Self-regulated Star Formation: From Radiation-Dominated Clouds to Supernova-dominated Galaxies (Speaker: Eve Ostriker, Princeton)

Tuesday, December 2,
4:00pm to 5:00pm
Marlar Lounge (37-252)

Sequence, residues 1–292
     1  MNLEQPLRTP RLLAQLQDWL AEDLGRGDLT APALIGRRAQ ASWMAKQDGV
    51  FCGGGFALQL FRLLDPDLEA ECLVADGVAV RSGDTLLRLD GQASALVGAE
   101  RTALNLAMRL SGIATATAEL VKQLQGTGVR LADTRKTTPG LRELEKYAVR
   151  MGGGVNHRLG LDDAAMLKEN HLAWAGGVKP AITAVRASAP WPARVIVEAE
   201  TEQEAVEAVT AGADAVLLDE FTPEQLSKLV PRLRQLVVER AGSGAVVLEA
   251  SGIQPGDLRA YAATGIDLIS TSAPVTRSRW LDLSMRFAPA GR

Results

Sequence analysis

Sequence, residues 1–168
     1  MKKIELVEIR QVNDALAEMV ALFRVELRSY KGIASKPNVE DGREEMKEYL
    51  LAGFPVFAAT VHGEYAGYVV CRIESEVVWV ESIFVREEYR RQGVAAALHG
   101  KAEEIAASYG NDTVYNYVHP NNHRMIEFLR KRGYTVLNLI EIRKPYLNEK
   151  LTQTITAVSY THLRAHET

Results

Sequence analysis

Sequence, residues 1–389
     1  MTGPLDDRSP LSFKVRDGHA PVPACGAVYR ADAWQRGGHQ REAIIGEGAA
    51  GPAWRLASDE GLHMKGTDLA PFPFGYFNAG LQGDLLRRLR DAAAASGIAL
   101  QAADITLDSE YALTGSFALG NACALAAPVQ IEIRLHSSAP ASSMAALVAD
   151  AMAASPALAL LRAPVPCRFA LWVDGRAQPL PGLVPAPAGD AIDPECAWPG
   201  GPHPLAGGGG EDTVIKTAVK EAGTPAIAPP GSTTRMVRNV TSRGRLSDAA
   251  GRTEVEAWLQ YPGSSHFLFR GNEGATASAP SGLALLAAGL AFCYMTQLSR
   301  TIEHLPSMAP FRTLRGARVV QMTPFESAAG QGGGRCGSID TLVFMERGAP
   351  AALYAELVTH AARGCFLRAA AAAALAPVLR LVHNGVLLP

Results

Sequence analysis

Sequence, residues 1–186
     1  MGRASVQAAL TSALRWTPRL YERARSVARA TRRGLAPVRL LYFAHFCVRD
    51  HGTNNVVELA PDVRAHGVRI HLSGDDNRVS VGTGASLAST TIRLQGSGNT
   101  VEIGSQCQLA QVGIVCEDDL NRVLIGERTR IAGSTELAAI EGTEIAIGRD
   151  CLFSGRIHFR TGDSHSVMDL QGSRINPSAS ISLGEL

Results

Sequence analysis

In star-forming galaxies, from systems like our own Milky Way to high-redshift disks, most of the gaseous reservoir is in the atomic and molecular ISM. This gas is supported against gravitational collapse primarily by turbulence. Losses from turbulent dissipation and radiation must be constantly replenished to prevent runaway star formation. Yet, star formation itself is crucial to maintaining the ISM's equilibrium, as feedback from short-lived massive stars -- including UV radiation and supernovae -- is the primary energy source. I will discuss theory and numerical hydrodynamic/RHD simulations that quantify the physics of feedback. Resolved simulations provide a close-up view and calibration of processes that are sometimes treated via subgrid models in galaxy formation simulations. We find that radiation forces can be important to ejecting gas and limiting the efficiency of individual star-forming clouds. However, supernovae play the most important role in the ISM overall, because the momentum injected by Sedov-Taylor blast waves is an order of magnitude greater than other source terms. Resolved simulations show that each supernova blast robustly provides momentum ~ 1-4 e5 Msun km/s to the ISM. This level of momentum input is just what is required to explain ISM properties and to self-regulate star formation rates as observed in a wide range of galactic environments.